Offline janoc

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Re: Uber flying cars
« Reply #16 on: May 29, 2018, 08:16:10 pm »
I would feel a lot safer in a traditional helicopter.

At least you have autorotation techniques that can be utilised in the event of power failure or tail rotor issues.  What emergency facilities do their unpiloted aircraft have?

Not to mention the Deadmans curve region, where even helicopters with trained pilots are going to make a hole if they lose power.

Until someone solves the survivability issue between 10 feet and the minimum effective height of a parachute, then humans in drones will never take off. Although, perhaps this is Darwin at work.  :popcorn:

Well, that's actually a solved problem - it is called a zero-zero ejection seat. On the other hand that isn't going to fly in an aircraft with untrained passengers on board, never mind the costs (both the seats and their maintenance).

And a bit higher up (>400 feet, >900 feet if in a spin) you can use a ballistic parachute - those are common in small general aviation planes, e.g. Cirrus SR22. However, again, it requires a trained user - e.g. if the crew isn't strapped in tight when the chute activates they are going to be pretty badly injured.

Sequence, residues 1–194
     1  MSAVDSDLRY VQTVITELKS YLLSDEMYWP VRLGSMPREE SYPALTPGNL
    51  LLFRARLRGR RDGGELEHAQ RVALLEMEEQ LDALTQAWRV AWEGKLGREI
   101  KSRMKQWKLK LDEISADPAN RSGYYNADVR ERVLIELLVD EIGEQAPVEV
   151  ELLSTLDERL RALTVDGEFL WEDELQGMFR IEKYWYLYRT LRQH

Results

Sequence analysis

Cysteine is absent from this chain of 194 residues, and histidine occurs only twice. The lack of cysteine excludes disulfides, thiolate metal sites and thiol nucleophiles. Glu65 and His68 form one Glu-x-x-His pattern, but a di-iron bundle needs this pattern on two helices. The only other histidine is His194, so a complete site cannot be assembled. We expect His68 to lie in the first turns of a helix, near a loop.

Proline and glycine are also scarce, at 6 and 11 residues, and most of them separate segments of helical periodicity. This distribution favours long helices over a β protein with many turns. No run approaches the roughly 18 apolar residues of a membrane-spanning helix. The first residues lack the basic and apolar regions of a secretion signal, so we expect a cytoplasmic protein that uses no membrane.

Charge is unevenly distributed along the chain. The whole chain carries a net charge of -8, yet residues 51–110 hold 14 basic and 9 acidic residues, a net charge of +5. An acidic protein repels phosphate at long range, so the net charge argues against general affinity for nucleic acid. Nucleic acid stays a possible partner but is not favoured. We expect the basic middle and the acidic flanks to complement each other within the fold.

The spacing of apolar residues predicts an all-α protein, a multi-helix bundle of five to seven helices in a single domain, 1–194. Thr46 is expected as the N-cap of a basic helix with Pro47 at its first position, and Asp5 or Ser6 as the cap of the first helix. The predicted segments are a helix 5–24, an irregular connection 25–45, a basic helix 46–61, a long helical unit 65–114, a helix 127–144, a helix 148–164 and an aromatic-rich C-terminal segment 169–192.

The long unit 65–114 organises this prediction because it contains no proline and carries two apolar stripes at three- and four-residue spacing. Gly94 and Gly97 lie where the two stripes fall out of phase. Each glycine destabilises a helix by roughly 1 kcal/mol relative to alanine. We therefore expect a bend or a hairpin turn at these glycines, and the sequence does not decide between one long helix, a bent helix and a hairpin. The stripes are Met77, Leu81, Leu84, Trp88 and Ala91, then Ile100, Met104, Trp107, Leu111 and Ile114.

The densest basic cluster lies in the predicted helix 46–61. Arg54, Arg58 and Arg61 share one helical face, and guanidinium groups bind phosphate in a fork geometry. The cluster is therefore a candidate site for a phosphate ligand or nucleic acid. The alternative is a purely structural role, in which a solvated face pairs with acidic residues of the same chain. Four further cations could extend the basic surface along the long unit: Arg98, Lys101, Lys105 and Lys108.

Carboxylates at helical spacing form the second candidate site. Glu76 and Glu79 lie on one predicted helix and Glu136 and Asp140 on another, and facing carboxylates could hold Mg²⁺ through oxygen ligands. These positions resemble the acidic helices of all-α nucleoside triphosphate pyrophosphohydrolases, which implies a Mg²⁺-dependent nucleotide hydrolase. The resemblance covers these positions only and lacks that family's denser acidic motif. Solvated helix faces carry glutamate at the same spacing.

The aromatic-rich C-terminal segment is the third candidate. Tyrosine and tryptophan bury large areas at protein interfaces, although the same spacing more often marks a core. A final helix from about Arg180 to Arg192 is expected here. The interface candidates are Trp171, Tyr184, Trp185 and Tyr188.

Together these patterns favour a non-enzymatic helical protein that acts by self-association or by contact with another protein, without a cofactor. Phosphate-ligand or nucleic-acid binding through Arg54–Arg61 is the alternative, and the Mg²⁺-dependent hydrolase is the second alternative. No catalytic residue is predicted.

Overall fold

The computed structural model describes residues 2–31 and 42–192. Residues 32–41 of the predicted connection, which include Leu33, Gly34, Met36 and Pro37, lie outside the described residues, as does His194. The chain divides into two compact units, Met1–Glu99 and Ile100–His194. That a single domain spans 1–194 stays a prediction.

Both are actually going to be a bit easier to use on a multirotor than a heli because they may not have to fire through the rotor disk (well, depends on where the rotors are and whether they overlap the cabin or not).
« Last Edit: May 29, 2018, 08:18:35 pm by janoc »
 

Offline Marco

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Re: Uber flying cars
« Reply #17 on: May 29, 2018, 08:26:54 pm »
I can understand why Airbus would work on that - airborne vehicles are kind of their field - but I can't see this turning into any useful reality. This would be much too costly, polluting and extremely difficult to scale up (would you really want a crowded sky above your head?). What do you guys think?